Trail Blazers 1st round selection (6)
After weeks of working out many athletes and reviewing countless hours of film, the Trailblazers found themselves drafting Damian Lillard from Weber State with the 6th overall pick in the Draft. Not only was Lillard the first first-round pick to come from Weber State, he was also the first point guard off the board.
A native of Oakland, California, Lillard is perhaps one of the most under-appreciated players that declared for this years draft solely for the reason that Weber St. fails to receive a lot of national attention that it likely deserves as a basketball program.
The nation’s second leading scorer with 24.5 points per game last season, Lillard will be looking to make an impact early and often for a Trail Blazers team that is looking to retool and reload at the same time.
If you are unfamiliar with Damian Lillard, here is a summary of what the kid will bring to Rip City.
Height – 6’3″
Weight – 195 lbs.
D.O.B. – July 15, 1991 (21 years old)
High School – Oakland
College – Weber State
Position – Point Guard
How did he become a Blazer?
Lillard was acquired with the 6th pick in the 2012 NBA Draft by the Portland Trail Blazers. The Blazers received rights to the 6th pick in the NBA Draft in a trade with the New Jersey Nets for Gerald Wallace.
The Blazers also received Mehmet Okur and Shawne Williams from the Nets.
2011-2012 College Statistics
Lillard was an outstanding player for four years at Weber State, although his 2010-2011 campaign was just a brief 10 games due to an injury.
Having his most outstanding season in 2011-2012, Lillard opted out from his final season to declare for the NBA Draft a year early.
As a senior, Lillard appeared in 32 games, played 1,105 minutes and tallied 784 points.
Along with those stat lines, Lillard also hit 231 of his 495 field goals (.467) while also making 94 of 230 3-point attempts (.409).
As mentioned earlier, Lillard finished 2011-2012 with an average of 24.5 points per game to go along with 5 rebounds per game and 4 assists per game.
Throughout his entire college career, Lillard accumulated an average of 18.6 points per game, 4.3 rebounds per game, and 3.5 assists per game.
As is evidenced by his statistics, Lillard has what it takes to become one of the better scorers in the NBA.
A kind of player that can hit shots from anywhere on the court, Lillard has excellent size at 6’2″ for the point guard position and can elevate much higher than the average point guard, also evidenced by his surprisingly adequate rebounding ability.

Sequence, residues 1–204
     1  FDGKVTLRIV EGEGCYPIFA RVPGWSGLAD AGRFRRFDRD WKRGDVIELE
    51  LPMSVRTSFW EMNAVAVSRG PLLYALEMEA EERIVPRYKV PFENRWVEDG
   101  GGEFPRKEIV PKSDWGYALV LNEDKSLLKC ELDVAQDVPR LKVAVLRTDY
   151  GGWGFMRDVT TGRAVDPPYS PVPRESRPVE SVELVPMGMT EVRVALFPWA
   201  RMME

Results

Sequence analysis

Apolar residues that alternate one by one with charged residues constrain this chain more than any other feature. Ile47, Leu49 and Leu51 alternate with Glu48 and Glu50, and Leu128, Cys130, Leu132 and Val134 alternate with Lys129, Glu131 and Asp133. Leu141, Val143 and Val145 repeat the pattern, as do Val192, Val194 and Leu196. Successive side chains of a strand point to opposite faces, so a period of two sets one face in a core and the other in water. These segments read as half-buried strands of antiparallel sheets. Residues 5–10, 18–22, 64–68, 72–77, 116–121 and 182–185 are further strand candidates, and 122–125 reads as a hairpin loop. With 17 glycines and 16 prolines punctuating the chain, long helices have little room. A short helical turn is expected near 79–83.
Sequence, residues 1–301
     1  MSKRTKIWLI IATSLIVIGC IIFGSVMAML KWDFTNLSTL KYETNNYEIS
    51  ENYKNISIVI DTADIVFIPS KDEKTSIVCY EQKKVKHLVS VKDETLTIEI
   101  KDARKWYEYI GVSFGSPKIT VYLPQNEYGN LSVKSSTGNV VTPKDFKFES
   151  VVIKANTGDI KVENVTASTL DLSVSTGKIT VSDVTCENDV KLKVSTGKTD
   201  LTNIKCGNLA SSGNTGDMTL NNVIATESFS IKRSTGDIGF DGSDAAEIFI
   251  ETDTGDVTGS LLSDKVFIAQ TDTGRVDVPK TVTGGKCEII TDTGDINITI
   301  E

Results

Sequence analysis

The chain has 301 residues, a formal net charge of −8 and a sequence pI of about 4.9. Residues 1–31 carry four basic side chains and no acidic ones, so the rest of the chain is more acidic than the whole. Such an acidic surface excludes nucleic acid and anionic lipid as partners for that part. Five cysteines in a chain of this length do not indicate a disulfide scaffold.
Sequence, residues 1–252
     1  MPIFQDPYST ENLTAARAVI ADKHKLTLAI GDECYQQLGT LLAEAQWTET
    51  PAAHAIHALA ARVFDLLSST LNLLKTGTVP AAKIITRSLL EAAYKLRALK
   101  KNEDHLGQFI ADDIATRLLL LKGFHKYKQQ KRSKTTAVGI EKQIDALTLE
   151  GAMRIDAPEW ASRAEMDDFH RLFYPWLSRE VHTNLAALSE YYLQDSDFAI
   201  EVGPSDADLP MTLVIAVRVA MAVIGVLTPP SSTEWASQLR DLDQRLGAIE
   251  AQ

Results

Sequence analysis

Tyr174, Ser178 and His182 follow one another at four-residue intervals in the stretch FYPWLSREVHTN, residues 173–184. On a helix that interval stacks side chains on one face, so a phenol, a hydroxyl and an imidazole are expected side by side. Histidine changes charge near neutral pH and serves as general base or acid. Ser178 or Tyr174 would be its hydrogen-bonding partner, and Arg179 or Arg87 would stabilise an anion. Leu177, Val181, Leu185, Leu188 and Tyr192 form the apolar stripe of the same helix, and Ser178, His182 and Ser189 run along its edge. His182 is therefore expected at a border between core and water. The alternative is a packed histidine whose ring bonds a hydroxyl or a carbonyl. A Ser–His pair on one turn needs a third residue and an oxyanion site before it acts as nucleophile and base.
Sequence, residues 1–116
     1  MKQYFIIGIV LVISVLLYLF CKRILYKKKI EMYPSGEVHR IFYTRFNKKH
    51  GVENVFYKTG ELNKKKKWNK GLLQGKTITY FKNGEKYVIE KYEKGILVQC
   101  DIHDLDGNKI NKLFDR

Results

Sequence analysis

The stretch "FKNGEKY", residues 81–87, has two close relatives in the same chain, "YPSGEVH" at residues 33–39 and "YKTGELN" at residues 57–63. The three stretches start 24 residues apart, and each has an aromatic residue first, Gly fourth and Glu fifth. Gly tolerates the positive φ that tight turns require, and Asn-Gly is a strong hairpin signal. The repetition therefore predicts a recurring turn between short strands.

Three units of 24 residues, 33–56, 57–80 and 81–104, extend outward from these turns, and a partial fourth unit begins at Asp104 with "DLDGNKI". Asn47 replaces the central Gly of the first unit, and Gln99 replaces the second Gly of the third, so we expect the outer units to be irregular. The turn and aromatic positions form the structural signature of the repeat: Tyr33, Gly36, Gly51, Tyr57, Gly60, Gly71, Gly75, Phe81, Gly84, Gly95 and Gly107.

Lillard has excellent ball control both in- and out-of traffic, and can pull a fast one on his defenders if they prove to be lackadaisical in their play.
Though he could add just a little more bulk to his frame, Lillard is a great definition of what it means to be an all-around player.
He can hit shots from anywhere on the court, drive to the lane, and rebound; attributes that will be key to his success in the NBA and in Portland.
Besides his need to fill out his frame a little bit more (although players like Kevin Durant has shown you don’t need to be the biggest and beefiest to have success in the NBA), Lillard must prove to his coaches and the rest of the NBA that he can be a leader on the court and spread the ball out to his teammates.
Relied more on as a true scorer than a leader at Weber State, Lillard needs to develop a team-leader mentality for him to fit into his role at Portland. Crucial to this will be the way he spreads the ball out among teammates, a skill that he has yet to perfect due to his style of play during his college years.
With this minor tweak to his playing style, Lillard should quickly show why the Blazers were smart to select him with the 6th overall pick instead of Kendall Marshall, another big point guard prospect in the 2012 NBA Draft.
As the Portland Trail Blazers continue to move beyond the Brandon Roy and Greg Oden era of team history, rookie Damian Lillard will be instrumental in establishing a new winning mentality in Rip City.
Though he may not have been the most popular player in all of college basketball, Lillard proved that he deserved to be selected with the 6th pick in the 2012 Draft because of the statistics and way he played while at Weber St.
As time goes on and Lillard learns to spread the ball out more, he should develop into one of the more well-rounded players in all the NBA.
Look for him to soon be leading the Portland charge back to the NBA playoffs as he grows year-by-year.